Contributed by Lee Kim, Esq.
A vendor of web-based services to help physicians achieve faster reimbursement from payors, reduce error rates, improve collection rates, improve patient compliance and satisfaction, and more efficiently manage clinical and billing information requested an advisory opinion from the Department of Health and Human Services Office of Inspector General ("OIG"). The OIG issued the advisory opinion on November 30, 2011 (No. 11-18).
Specifically, the vendor inquired whether its online service that would facilitate the exchange of information between healthcare practitioners, providers, and suppliers (the "Proposed Arrangement") would constitute grounds for the imposition of sanctions under exclusion authority at section 1128(b)(7) of the Social Security Act, the civil monetary penalty provision at section 1128A(a)(7) of the Social Security Act, as those sections relate to the commission of acts described in section 1128(b) of the Social Security Act, namely, the Federal Anti-Kickback Statute. The anti-kickback statute makes it a criminal offense to knowingly and willfully offer, pay, solicit, or receive any remuneration to induce or reward referrals of items or services reimbursable by a Federal health care program. This statute is violated where remuneration is paid purposefully to induce or reward referrals of items or services payable by a Federal health care program. It ascribes criminal liability to parties on both sides of an impermissible "kickback" transaction. "Remuneration" in the context of the anti-kickback statute includes the transfer of anything of value, directly or indirectly, overtly or covertly, in cash or in kind. The courts have interpreted the statute to cover any arrangement where one purpose of the remuneration was to obtain money for the referral of services or to induce further referrals. However, the Department of Health and Human Services has promulgated safe harbor regulations that defines practices which are not subject to the anti-kickback statute due to such practices being unlikely to result in fraud or abuse.
The OIG concluded that although the Proposed Arrangement could potentially generate prohibited remuneration under the anti-kickback statute and that the safe harbors would not apply, the OIG would not impose administrative sections on the vendor under the statutes as referenced above. While the nature of the Proposed Arrangement is described in more detail below, in brief, Ordering Health Professionals would use the Coordination Service to exchange information with Health Professionals to which referrals can be made. If the Health Professionals are Trading Partners, then the vendor would perform value-added services associated with transmitting the information. The vendor would receive payment from either the Ordering Health Professionals or the Trading Partners for transmitting the information and from the Trading Partners for any value-added services provided. Additionally, Ordering Health Professionals who purchase the Coordination Service Package would receive a discount on their monthly EHR Service subscription fees. Under the Proposed Arrangement, Transmission Fees paid by Ordering Health Professionals for referrals to Non-Trading Partners would be capped at the total dollar amount of the discount.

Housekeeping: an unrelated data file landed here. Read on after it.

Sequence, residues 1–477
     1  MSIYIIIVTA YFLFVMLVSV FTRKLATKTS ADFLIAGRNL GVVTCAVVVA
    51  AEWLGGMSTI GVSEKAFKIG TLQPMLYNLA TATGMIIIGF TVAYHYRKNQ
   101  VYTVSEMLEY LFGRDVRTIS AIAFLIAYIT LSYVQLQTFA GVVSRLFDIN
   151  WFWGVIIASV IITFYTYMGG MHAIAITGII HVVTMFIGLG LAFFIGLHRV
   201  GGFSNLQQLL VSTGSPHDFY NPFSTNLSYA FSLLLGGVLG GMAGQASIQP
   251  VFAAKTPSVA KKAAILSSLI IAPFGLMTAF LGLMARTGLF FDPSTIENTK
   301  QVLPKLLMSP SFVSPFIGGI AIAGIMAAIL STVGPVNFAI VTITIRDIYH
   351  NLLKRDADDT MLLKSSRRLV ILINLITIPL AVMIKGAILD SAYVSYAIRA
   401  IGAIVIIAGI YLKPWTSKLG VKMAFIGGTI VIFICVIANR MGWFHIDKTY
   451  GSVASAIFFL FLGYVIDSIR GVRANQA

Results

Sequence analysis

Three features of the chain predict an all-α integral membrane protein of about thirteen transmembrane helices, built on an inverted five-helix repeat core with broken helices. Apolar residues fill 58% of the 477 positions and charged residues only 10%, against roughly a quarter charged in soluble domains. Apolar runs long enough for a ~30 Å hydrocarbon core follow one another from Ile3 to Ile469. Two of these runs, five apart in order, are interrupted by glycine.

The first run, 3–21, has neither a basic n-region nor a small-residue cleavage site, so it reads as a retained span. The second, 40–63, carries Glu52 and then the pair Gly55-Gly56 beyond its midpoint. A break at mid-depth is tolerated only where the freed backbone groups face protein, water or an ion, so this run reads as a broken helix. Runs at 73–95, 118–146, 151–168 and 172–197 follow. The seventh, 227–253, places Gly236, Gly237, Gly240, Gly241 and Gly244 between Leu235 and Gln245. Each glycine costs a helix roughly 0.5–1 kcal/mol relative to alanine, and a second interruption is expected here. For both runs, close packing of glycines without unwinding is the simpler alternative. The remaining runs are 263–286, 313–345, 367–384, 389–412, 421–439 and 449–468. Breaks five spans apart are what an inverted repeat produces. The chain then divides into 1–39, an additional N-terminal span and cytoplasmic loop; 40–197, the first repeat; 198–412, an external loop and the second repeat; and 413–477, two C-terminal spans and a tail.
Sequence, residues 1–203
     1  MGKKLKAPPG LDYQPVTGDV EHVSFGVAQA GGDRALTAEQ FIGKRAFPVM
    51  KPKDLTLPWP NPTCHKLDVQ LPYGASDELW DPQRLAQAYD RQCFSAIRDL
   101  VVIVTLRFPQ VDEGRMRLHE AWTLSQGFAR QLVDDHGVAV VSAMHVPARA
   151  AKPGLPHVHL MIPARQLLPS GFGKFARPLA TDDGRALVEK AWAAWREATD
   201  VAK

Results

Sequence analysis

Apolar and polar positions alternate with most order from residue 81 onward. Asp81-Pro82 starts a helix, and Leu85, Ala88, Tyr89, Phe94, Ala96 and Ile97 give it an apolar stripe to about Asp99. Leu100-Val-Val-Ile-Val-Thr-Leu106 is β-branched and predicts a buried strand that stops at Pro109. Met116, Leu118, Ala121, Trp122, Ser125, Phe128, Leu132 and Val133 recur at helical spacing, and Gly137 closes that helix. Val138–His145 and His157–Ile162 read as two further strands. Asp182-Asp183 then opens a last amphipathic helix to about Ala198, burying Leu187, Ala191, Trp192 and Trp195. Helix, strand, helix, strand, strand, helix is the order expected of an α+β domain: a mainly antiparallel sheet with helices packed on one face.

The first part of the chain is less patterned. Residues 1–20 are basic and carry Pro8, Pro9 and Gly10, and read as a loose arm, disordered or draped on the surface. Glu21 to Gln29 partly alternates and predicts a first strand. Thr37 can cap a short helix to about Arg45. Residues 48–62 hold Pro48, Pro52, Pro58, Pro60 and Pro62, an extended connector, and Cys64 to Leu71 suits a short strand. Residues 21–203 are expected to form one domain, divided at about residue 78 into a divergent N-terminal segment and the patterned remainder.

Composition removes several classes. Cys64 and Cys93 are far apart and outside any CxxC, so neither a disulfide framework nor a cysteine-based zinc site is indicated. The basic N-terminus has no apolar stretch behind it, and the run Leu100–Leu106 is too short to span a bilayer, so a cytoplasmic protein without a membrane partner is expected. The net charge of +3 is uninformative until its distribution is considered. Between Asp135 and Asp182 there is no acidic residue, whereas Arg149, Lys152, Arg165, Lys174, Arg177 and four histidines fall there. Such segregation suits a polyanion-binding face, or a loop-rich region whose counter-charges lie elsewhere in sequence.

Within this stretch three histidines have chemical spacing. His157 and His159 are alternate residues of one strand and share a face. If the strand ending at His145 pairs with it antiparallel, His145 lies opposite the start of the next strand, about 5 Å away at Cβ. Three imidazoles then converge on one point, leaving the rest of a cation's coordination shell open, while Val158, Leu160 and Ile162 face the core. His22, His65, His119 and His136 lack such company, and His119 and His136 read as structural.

Because the Proposed Arrangement’s fee structure could constitute indirect remuneration from the Trading Partners to the Ordering Health Professionals to induce referrals, the OIG concluded that the anti-kickback statute is implicated.
By way of background, the vendor primarily offers the following services: the Billing Service (for automating and managing billing-related functions for physician practices and assisting clients with non-billing related back-office operations), the EHR Service which automates and manages medical record-related functions for physician practices, and the Messaging Service which automates practice communications with patients. Its typical customer is a physician or physician group that either uses the Billing Service alone or both the Billing Service and the EHR Service, with or without the Messaging Service. The vendor generates most of its revenues by charging a monthly subscription fee in the form of either a percentage of collections or a flat monthly fee. In addition, under the Proposed Arrangement, the vendor would offer the Coordination Service as a new service which is intended to facilitate the exchange of information between health care providers, practitioners, and suppliers and to help them keep track of patients receiving services from other Health Professionals. Only the Health Professionals who purchase the EHR Service can use the Coordination Service to transmit patient information to other Health Professionals in connection with a referral.